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Page 78 - Anne Blufarb's Second World War

Published by Ronald Caplan on 1997/6/1 (192 reads)

fight with?" The young people they took away to the concentration camps; it's only left the old people, maybe a few children. Who's going to fight? We haven't got ammu? nition, we haven't got much to fight with. You know, when they tell us to fight it wasn't already too many who could fight. It wasn't much to fight with.... (So you weren't with your mother when she died.) No. (You have no idea when she died.) When I left, my mother was alive, my two sisters were alive, and they went into hiding. Because after the war whoever survived and came out from hiding told me that one of my sisters survived. There was a man who told me that--he didn't recog- r Sydney Mitiwork'Limiudr I CUSTOM KITCHENS I WE PAINT & STAIN WALL UNITS COUNTERTOPS CUSTOM WOOD WORK CUSTOM FRAMING FREE ESTIMATES 562-5344 50 BROOKLAND ST. '''ring Jour Ideas to Lif el A Special TIME THAT WAS Visit Highland Village: A Living History Museum Experience the lifestyle of the Highland Scot in Cape Breton • 10 animated building displays in a village setting • Visit our Gift Shop: Large selection of Celtic Music • Consult Highland Roots: Computerized genealogy • 36th Annual Highland Village Day: August 2, 1997 • Eat or stay at the Highland Heights Inn, our hospitality arm. nize my sis? ter; she recognized him; she told him who she was--she was in the presence of a man who didn't look Jewish.... And the ru? mours were that one of my sisters survived and was taken to one of the hospitals. But there was also rumours that my fa? ther sur? vived ! They saw him here and they saw him there. He was dead, that we knew for sure, because we buried him. So all those rumours were only rumours. We wer? en 't sure if it was so or not.... iin' 'ghland Well, like my mother used to say, "We survived. But for how long?" you know. And that fellow who was on TV --"Front Page Challenge"--Gordon Sinclair. He was interviewing some? body and he said exactly what my mother said. The woman said, "Well, thank God I survived." He said to her, "Why are you thanking God--that you survived and the others didn't?" And my mother said the same thing when the action was over. She'd say, "Oh, thank God we survived. God knows for how long." And then she would kind of say, "What am I thank? ing God for? That I am alive and the others got killed?" Anna Zuckerman's route to Cape Breton continued. She spent the last two years of the war worldng in Ger? many, disguised as a Ultrainian. After the war, married to Richie Biufarb, she came to Halifax. With the help of the Canadian Jewish Congress, they lived a while in Montreal, and then went to Port-aux Basques, where her husband started a business. Peddling between Newfoundland and Cape Breton, Richie often stopped at the Coffee Pot Restaurant in North Sydney. The owners, the Jabalee family, recommended that he buy the business. And that was the start for the Biufarbs in Cape Breton. Our thanl(s to Anna Blufarb for sharing some of her stories, and to her son Fred for the help that made this article possible. Very recently, Mrs. Blufarb's story has been video? taped by the SHOAH Project, a worldwide search for the stories of Holocaust survivors, funded by Steven Spielberg, the director of the movie Schlndler's List.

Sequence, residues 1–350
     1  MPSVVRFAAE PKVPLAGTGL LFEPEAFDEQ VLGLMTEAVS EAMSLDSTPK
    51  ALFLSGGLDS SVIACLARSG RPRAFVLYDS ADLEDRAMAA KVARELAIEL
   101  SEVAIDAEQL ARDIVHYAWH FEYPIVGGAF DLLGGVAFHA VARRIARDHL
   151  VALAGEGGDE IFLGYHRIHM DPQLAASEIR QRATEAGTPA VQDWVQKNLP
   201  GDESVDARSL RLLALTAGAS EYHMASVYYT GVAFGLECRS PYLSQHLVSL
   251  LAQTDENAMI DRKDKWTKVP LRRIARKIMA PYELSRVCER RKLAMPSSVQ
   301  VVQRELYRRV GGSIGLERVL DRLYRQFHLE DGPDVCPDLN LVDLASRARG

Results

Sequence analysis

Cape Breton's Magazine
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